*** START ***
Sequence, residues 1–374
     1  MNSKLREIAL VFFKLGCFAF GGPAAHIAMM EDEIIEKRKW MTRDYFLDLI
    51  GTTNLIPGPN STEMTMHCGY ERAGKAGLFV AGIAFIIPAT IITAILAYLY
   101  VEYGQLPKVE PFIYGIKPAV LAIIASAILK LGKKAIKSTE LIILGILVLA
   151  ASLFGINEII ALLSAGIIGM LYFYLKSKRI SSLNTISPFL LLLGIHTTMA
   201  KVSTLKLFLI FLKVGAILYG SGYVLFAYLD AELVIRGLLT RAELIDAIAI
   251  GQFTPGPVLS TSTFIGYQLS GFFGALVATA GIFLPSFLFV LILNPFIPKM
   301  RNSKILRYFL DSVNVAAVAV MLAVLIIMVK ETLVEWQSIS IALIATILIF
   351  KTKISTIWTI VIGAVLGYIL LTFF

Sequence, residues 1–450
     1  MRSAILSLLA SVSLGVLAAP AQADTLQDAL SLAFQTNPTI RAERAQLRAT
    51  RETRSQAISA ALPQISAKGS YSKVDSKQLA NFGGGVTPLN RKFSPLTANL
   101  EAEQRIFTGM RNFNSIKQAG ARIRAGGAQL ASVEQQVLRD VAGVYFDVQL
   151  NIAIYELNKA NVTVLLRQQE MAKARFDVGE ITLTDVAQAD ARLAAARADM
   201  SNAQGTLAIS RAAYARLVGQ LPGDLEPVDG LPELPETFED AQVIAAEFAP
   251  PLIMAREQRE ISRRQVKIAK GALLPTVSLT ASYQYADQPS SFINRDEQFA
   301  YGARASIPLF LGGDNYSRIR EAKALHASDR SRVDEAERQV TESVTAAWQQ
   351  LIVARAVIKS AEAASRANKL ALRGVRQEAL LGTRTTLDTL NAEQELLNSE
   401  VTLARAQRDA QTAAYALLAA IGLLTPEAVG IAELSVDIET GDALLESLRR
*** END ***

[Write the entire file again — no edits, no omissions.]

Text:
Sequence, residues 1–374
     1  MNSKLREIAL VFFKLGCFAF GGPAAHIAMM EDEIIEKRKW MTRDYFLDLI
    51  GTTNLIPGPN STEMTMHCGY ERAGKAGLFV AGIAFIIPAT IITAILAYLY
   101  VEYGQLPKVE PFIYGIKPAV LAIIASAILK LGKKAIKSTE LIILGILVLA
   151  ASLFGINEII ALLSAGIIGM LYFYLKSKRI SSLNTISPFL LLLGIHTTMA
   201  KVSTLKLFLI FLKVGAILYG SGYVLFAYLD AELVIRGLLT RAELIDAIAI
   251  GQFTPGPVLS TSTFIGYQLS GFFGALVATA GIFLPSFLFV LILNPFIPKM
   301  RNSKILRYFL DSVNVAAVAV MLAVLIIMVK ETLVEWQSIS IALIATILIF
   351  KTKISTIWTI VIGAVLGYIL LTFF

Sequence, residues 1–450
     1  MRSAILSLLA SVSLGVLAAP AQADTLQDAL SLAFQTNPTI RAERAQLRAT
    51  RETRSQAISA ALPQISAKGS YSKVDSKQLA NFGGGVTPLN RKFSPLTANL
   101  EAEQRIFTGM RNFNSIKQAG ARIRAGGAQL ASVEQQVLRD VAGVYFDVQL
   151  NIAIYELNKA NVTVLLRQQE MAKARFDVGE ITLTDVAQAD ARLAAARADM
   201  SNAQGTLAIS RAAYARLVGQ LPGDLEPVDG LPELPETFED AQVIAAEFAP
   251  PLIMAREQRE ISRRQVKIAK GALLPTVSLT ASYQYADQPS SFINRDEQFA
   301  YGARASIPLF LGGDNYSRIR EAKALHASDR SRVDEAERQV TESVTAAWQQ
   351  LIVARAVIKS AEAASRANKL ALRGVRQEAL LGTRTTLDTL NAEQELLNSE
   401  VTLARAQRDA QTAAYALLAA IGLLTPEAVG IAELSVDIET GDALLESLRR